It’s All about Flex

One difference from one golf shaft to another is the flex of the steel or graphite itself. Sure, there are other factors like weight, kick point, and more, but flex is one that has a big impact on the results of the shot. When you have the right flex in the shaft in your driver for your specific swing, impressive results quickly become possible.

With the wrong flex in your club, all sorts of bad results can creep into play. Consider the two possible problems below –

  • Shaft too stiff. If you are swinging a club that is too stiff for you to bend as you come down into the ball, you are likely to lose distance. In order to maximize distance, the shaft needs to ‘load’ and ‘unload’ into the ball. When the shaft is too stiff for you to really load it up on the downswing, there won’t be much energy stored up to release, and your shots will fly shorter than they should. Also, you might find that you push the ball frequently as well, since the club isn’t releasing aggressively through the ball.
  • Shaft too soft. Conversely, a shaft that is too soft may be difficult for you to control, and could lead to shots that fly all over the course. Additionally, swings made with a shaft that is too weak for your swing will frequently fly very high – higher than you want from a driver. What you are left with are drives that are hard to control and don’t go very far – not a good combination.

Getting it Just Right

To make sure you are swinging the right shaft for your personal swing and ability level, work with a professional club fitter who can analyze your swing and make recommendations as to which shafts would be right for you. While you will likely have to pay for a session with a club fitter, many will reimburse the fee if you wind up purchasing a new club from their shop. A club fitting may only take around an hour to complete, but can lead to some of the best drives of your life.


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How far should you be driving it, based on gender, age, handicap and average driving distance? Use this tool to find out:

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by Jaacob Bowden

When it comes to hitting the ball off the tee, remember to take driving distances with a grain of salt.  You might be only averaging 210 yards (190 m) per drive at one course…and you hear of a friend that tells you he’s averaging 250 yards (227 m) per drive at his home course.  However, when you play each other on the same course – you hit the same distance.  What gives?  You might think your friend is not telling you the truth about his distances…however, when you take in to consideration the various playing conditions of different courses around the country (and world), you might discover that your friend is actually being completely honest.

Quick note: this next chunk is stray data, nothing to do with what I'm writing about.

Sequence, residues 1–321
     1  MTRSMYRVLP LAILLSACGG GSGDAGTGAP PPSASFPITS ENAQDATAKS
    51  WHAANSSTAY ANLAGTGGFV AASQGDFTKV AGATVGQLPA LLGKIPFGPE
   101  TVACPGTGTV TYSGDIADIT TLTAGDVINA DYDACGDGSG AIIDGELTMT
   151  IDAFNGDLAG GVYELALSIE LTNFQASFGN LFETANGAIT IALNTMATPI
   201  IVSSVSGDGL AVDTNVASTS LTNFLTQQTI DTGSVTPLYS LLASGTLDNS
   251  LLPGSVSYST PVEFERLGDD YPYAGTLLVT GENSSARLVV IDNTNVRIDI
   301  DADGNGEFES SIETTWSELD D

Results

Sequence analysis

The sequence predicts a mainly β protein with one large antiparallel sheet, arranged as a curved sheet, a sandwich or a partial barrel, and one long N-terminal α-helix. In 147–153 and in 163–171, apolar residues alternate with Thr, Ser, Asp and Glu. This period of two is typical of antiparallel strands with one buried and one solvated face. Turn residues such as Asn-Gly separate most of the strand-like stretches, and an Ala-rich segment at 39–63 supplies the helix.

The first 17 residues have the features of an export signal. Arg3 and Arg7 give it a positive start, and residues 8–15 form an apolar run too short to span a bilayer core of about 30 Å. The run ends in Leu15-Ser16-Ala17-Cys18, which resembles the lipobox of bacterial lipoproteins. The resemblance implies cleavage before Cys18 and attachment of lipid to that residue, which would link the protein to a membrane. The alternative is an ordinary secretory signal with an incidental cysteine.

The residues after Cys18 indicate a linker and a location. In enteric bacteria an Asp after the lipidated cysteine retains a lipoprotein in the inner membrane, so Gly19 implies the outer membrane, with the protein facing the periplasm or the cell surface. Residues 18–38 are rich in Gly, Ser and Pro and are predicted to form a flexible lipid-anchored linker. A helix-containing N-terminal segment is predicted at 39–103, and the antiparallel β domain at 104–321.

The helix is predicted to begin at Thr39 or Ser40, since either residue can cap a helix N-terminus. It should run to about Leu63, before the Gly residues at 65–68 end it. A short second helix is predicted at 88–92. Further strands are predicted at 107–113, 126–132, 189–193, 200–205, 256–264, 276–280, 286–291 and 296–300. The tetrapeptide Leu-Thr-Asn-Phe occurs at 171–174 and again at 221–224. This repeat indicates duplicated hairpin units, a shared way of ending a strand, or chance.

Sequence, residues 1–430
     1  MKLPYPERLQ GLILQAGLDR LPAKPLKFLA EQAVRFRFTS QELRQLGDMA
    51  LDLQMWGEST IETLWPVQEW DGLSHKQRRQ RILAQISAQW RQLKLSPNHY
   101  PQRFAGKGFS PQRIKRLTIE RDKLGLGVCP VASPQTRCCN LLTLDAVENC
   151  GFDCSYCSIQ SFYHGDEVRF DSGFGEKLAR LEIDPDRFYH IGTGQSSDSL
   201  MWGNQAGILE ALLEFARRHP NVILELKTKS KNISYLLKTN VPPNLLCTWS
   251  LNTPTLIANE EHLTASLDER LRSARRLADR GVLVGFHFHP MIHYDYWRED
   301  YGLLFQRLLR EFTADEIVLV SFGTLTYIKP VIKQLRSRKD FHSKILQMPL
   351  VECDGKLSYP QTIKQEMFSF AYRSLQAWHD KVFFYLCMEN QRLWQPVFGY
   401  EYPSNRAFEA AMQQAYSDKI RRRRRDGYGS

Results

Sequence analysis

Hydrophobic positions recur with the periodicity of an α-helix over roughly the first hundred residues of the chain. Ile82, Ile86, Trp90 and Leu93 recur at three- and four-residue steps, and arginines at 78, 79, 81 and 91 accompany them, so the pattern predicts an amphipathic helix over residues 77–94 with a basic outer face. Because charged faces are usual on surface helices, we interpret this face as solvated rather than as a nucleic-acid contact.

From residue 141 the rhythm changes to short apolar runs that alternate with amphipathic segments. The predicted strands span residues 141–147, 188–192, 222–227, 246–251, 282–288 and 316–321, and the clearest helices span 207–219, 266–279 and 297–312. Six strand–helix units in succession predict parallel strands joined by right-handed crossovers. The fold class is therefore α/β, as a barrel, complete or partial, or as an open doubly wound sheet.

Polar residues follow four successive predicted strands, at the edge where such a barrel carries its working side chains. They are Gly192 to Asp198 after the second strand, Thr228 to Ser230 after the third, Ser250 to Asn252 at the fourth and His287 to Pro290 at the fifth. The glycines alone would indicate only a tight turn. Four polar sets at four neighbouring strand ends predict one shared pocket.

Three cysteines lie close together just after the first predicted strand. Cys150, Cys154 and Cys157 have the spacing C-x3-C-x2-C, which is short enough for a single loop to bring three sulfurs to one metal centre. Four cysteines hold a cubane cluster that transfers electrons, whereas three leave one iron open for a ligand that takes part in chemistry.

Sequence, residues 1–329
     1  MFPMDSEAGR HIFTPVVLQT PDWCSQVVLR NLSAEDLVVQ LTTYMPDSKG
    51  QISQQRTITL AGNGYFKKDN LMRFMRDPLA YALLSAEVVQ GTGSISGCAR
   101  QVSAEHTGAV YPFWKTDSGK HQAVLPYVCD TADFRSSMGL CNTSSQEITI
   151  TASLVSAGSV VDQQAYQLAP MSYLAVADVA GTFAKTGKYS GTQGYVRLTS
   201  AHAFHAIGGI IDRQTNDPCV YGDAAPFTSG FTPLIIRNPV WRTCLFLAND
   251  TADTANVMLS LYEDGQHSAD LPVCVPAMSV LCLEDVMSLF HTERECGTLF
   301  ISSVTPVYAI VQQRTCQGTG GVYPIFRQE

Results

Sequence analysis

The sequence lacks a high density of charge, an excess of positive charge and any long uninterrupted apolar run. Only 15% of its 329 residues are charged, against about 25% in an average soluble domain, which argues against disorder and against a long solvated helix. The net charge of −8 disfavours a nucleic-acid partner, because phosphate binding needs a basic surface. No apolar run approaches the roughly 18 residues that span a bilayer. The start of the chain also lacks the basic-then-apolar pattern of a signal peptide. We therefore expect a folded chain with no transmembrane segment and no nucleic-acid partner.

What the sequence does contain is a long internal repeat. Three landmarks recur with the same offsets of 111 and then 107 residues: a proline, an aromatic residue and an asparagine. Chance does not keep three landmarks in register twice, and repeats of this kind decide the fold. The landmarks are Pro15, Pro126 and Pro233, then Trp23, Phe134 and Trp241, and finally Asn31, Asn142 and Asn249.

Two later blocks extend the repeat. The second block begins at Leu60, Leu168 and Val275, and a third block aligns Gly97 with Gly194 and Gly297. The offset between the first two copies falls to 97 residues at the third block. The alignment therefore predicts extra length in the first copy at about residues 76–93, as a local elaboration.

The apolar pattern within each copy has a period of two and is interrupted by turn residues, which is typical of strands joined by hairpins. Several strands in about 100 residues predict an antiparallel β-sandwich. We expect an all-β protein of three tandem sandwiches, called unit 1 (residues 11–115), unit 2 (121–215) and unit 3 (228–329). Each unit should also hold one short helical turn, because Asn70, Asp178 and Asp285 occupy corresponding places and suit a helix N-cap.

Take a look at the average driving distances by tournament his year so far on the PGA TOUR and you’ll see what I mean:

Mercedes-Benz Championship    252 (228 m)
AT&T Pebble Beach National Pro-Am    268 (243 m)
PODS Championship    271 (246 m)
Verizon Hertiage    276 (250 m)
Buick Invitational    277 (251 m)
Zurich Classic of New Orleans    279 (253 m)
Honda Classic    281 (255 m)
Arnold Palmer Invitational    282 (256 m)
AT&T Classic    283 (257 m)
The Players Championship    285 (258 m)
EDS Byron Nelson     286 (259 m)
Shell Houston Open    290 (263 m)
Northern Trust Open    291 (264 m)
Bob Hope Chrysler Classic    292 (265 m)
FBR Open    293 (266 m)
Sony Open    295 (267 m)
Mayakoba Golf Classic    297 (269 m)
Wachovia Championship    297 (269 m)

Average = 283 (257 m)

If you play different courses, these differences are also useful to know for your iron play.  Granted that you know how far you hit your clubs, within a few good shots of the first time you play a new course, you should be able to tell for the rest of the round approximately how much to add or subtract for your average shot.  For example, if you regularly play TPC Scottsdale in Arizona and are planning a trip to play Pebble Beach in California, you should expect that your irons will go about 8-9% less at Pebble Beach.

Remember that this doesn’t only apply to courses in different cities.  Even within your local area, different courses play different distances.